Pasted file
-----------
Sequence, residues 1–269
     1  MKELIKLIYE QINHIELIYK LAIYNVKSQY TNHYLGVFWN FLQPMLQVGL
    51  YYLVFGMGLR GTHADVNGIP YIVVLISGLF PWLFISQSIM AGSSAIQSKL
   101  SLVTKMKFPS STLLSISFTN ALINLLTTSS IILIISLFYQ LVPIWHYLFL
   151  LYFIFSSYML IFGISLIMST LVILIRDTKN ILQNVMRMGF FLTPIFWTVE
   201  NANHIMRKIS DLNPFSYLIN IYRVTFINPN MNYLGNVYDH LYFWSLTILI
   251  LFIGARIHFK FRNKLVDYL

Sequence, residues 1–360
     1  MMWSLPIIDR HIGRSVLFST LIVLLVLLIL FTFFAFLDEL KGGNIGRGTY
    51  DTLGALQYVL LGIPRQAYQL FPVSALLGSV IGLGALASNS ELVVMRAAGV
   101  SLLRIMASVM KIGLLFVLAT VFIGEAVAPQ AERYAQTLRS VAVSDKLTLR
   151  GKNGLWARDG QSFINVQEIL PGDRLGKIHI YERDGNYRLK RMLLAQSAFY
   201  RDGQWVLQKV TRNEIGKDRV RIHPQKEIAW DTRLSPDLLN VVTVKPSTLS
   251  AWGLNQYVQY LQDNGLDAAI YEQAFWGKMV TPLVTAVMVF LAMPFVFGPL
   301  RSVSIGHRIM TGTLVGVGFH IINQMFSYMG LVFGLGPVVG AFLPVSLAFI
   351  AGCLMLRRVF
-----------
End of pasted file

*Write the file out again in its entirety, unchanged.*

Sequence, residues 1–269
     1  MKELIKLIYE QINHIELIYK LAIYNVKSQY TNHYLGVFWN FLQPMLQVGL
    51  YYLVFGMGLR GTHADVNGIP YIVVLISGLF PWLFISQSIM AGSSAIQSKL
   101  SLVTKMKFPS STLLSISFTN ALINLLTTSS IILIISLFYQ LVPIWHYLFL
   151  LYFIFSSYML IFGISLIMST LVILIRDTKN ILQNVMRMGF FLTPIFWTVE
   201  NANHIMRKIS DLNPFSYLIN IYRVTFINPN MNYLGNVYDH LYFWSLTILI
   251  LFIGARIHFK FRNKLVDYL

Sequence, residues 1–360
     1  MMWSLPIIDR HIGRSVLFST LIVLLVLLIL FTFFAFLDEL KGGNIGRGTY
    51  DTLGALQYVL LGIPRQAYQL FPVSALLGSV IGLGALASNS ELVVMRAAGV
   101  SLLRIMASVM KIGLLFVLAT VFIGEAVAPQ AERYAQTLRS VAVSDKLTLR
   151  GKNGLWARDG QSFINVQEIL PGDRLGKIHI YERDGNYRLK RMLLAQSAFY
   201  RDGQWVLQKV TRNEIGKDRV RIHPQKEIAW DTRLSPDLLN VVTVKPSTLS
   251  AWGLNQYVQY LQDNGLDAAI YEQAFWGKMV TPLVTAVMVF LAMPFVFGPL
   301  RSVSIGHRIM TGTLVGVGFH IINQMFSYMG LVFGLGPVVG AFLPVSLAFI
   351  AGCLMLRRVF